It’s my job to observe and comment. I’m tasked with analyzing and opining. I’m a guy who loves to talk and write about baseball, but this team has left me speechless. How does one describe the worst slide in the history of a franchise? When it immediately follows the most incredible run of success in the history of the franchise? My jaw sits agape.
Last night the Dodgers opened a critical series in San Francisco against their hated rivals – and they once again proved the cynics right. They just don’t have it, they couldn’t find it with GPS, and they wouldn’t know what to do with it if it dropped right into their dugout.
The night began gloomily enough, with a surprise downpour that forced a rain delay after just one batter. Curtis Granderson, batting in the First Out position, swung through ridiculously low pitches to start the Dodgers off on the wrong cleat. The umpires apparently felt there was no way they were going to put everyone in harm’s way for this ineptitude, so they called a delay.
That delay lasted 2 hours and 54 minutes. When the rain lifted and everyone took the field again, the Giants switched their pitcher. The Dodgers should have done the same, because they trotted out Kenta Maeda – and brother, he was a mess. He gave up a two-run homer in the first, a solo homer in the second, and just for variety, a small ball run in the third. It was 4-0 Giants, fast approaching midnight, and looking like more of the same from the clueless ones in blue.
The Dodgers didn’t exactly roll over, as they put together a rally of their own in the fourth inning, and came back strong to tie the score. They loaded the bases and Logan Forsythe (who was subbed in for Chase Utley when the Giants switched pitchers in the first inning) knocked in the first run with a rolling single. Chris Taylor and Corey Seager both followed with singles tie the game at four apiece. The Dodgers still had the bases loaded with two out, but Cody Bellinger grounded out to end the inning.
Dedicated Dodgers fans in the cold Frisco stadium and awake late in their homes felt vindicated and rewarded. There were signs of fight in the team! Something good just might happen on this strange and wet night! Right? Right?
Yasiel Puig further excited the Blue Nation with a solo smash in the fifth to give the Dodgers the lead for the first time. The score was now 5-4 with the good guys ahead.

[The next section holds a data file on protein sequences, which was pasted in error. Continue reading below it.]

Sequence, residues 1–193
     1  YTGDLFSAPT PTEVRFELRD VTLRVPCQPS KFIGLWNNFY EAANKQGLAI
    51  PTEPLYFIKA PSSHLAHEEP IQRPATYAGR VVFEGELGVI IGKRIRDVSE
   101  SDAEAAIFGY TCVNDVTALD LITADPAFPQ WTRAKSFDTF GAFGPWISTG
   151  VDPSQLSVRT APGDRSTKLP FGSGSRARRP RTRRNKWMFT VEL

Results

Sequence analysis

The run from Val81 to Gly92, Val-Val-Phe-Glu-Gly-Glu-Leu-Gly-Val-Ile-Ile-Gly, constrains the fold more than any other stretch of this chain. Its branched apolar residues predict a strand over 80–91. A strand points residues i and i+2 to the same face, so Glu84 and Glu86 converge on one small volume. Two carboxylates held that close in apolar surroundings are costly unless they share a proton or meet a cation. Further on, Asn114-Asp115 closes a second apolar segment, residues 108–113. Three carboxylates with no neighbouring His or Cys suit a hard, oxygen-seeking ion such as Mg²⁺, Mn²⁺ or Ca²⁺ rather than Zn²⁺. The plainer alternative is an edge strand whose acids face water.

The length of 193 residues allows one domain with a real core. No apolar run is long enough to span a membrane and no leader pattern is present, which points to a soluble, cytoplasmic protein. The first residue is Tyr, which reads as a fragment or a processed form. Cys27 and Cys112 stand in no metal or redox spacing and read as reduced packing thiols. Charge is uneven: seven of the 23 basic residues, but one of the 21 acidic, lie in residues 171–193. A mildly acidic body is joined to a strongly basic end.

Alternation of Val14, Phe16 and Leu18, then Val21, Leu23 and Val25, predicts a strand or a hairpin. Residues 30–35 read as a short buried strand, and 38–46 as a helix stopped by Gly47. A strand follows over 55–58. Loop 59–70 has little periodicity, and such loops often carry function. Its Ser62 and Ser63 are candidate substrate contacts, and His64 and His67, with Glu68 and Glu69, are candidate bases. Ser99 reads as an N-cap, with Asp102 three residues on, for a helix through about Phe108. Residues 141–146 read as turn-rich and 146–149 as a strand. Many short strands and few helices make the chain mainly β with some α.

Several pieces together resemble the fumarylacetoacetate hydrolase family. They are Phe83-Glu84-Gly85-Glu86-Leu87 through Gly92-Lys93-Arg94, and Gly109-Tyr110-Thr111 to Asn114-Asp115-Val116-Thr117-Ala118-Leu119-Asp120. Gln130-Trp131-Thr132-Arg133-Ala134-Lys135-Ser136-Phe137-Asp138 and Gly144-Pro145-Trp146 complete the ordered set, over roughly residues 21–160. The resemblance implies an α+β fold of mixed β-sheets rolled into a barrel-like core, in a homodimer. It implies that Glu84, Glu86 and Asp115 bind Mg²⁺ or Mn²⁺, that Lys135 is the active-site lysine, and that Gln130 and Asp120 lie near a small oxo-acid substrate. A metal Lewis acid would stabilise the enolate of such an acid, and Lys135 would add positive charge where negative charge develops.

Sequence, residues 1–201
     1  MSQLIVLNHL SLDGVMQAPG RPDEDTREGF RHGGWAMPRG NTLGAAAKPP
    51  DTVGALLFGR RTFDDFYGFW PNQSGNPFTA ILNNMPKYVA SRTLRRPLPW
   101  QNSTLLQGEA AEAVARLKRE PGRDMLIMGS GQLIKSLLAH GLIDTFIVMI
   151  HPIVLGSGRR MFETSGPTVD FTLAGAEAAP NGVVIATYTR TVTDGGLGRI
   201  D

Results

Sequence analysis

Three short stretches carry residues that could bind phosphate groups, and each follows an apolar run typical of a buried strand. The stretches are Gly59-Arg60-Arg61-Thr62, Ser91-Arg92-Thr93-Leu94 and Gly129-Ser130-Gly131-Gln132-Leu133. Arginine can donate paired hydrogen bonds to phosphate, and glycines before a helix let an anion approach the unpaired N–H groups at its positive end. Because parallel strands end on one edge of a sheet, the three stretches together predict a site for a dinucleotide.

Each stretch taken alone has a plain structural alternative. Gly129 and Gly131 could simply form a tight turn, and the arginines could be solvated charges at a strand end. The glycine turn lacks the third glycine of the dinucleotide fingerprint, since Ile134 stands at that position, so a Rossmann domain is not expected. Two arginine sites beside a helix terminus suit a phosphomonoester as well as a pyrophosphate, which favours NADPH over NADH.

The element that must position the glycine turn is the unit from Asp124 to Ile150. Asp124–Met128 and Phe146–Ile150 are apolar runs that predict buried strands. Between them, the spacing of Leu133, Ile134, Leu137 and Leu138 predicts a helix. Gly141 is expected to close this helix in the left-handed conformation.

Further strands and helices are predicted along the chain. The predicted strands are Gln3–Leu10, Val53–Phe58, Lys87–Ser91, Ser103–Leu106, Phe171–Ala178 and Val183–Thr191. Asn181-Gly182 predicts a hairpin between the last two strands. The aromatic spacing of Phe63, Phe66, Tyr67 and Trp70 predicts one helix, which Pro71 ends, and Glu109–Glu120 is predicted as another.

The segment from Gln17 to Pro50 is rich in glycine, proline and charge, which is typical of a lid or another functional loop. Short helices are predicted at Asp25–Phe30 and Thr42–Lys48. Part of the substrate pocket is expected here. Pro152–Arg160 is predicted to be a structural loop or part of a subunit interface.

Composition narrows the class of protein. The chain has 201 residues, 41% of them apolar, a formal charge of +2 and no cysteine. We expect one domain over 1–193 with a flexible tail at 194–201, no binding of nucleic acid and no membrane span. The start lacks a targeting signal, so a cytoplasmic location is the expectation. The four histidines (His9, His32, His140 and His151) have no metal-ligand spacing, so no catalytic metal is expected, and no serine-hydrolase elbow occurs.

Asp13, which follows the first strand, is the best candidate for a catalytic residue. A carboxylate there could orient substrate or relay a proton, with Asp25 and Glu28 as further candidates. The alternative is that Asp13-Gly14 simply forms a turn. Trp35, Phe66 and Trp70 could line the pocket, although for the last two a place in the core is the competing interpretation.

Trouble is, this is the Dodgers we’re talking about, and the smiles did not last long.
Manager Dave Roberts inserted Josh Ravin to replace Luis Avilan in the fifth (Avilan replaced Maeda and pitched a scoreless fourth). Ravin immediately began setting fire to the Dodgers lead. He walked his frst batter and gave up a single to his second. Ravin out, Tony Cingrani in. He promptly gave up two more runs, and the Giants were back in front, 6-5.
The Dodgers tied it up again in the sixth, and in the bottom half of the inning, Roberts went to everyone’s favorite, Pedro Baez. Could Baez maintain the tie? Hahahahaha! What do you think? It was 7-6 Giants and the groans from Dodger fans echoed up and down the state.
Tony Watson replaced Baez in the seventh and blah, blah,blah, the Dodgers gave up another run. There were two more innings to play, but it was all over. The Blue Titanic had broken in half, and all that was left was for the band to play on as the inevitable approached.
There you have it, folks. The Dodgers scored six runs and still managed to lose. Should we point fingers at Adrian Gonzalez, Chris Taylor, Curtis Granderson, and Justin Turner who combined to go 0 for 13? Should we blame the pichers who combined to give up 8 runs? Should we blame Roberts for yet another ridiculous lineup, despite the fact that time is running out and each loss further damages the team’s psyche? Should I blame myself for staying up late and watching and hoping until stupid-o-clock?
My mouth sits agape.